Tucked away in a dilapidated, one-story building in the sprawling Sheba Hospital complex at Tel Hashomer, the headquarters of the nonprofit MILBAT organization are small and unassuming - especially considering the number of innovative products it churns out every year. Unlike companies who create, design and manufacture new products with the specific goal of making a profit, MILBAT has a different objective: to better the lives of physically and mentally disabled people and the elderly.
Yael Shaked-Bregman, one of the relatively few salaried employees, greets me in the spacious entrance to tour the facility. A tall blonde with a smile that lights up her entire face, she shares her personal experiences over the last 14 years at MILBAT with the pride and passion of a dedicated professional who fully believes in the benefits of her work. One of about 20 therapists on staff, she arrived at the organization as a student of occupational therapy and never left.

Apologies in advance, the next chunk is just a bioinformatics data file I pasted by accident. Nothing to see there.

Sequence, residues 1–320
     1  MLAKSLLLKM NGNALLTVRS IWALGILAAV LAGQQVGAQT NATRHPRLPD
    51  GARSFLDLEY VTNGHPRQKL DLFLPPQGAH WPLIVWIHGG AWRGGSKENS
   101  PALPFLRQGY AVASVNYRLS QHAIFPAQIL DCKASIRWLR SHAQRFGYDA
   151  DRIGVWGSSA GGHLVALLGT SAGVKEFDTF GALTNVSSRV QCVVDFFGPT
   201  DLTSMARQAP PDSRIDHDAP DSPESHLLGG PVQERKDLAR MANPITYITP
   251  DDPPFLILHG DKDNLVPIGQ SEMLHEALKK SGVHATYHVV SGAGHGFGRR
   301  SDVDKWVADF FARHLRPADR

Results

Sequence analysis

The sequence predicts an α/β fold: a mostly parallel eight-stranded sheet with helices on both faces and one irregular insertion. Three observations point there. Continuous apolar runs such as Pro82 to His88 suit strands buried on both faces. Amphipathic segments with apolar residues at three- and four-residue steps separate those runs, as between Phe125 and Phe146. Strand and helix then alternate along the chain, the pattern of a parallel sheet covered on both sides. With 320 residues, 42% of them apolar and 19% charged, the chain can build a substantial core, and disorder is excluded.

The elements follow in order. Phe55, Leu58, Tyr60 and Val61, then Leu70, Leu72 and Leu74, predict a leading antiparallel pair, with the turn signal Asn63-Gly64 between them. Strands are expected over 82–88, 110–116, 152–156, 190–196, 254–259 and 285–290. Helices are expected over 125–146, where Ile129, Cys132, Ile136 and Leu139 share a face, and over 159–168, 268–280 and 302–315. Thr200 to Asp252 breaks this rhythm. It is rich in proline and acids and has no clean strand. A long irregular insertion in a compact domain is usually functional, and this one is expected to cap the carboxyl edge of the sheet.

As we tour several rooms brimming with prototypes and sample products, it is clear that this is no ordinary organization. A wooden baby crib for mothers in wheelchairs has doors that open to the side instead of up; special computer keyboards are fitted with a metal grate to allow people with tremors to type; a remote control car for disabled children has giant plastic buttons; and an electric organ specially designed for the handicapped is fitted with large keys and colorful, round knobs so that it can be used as both a musical instrument and a therapeutic device.
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Source: article de Meredith Price Levitt @ JPost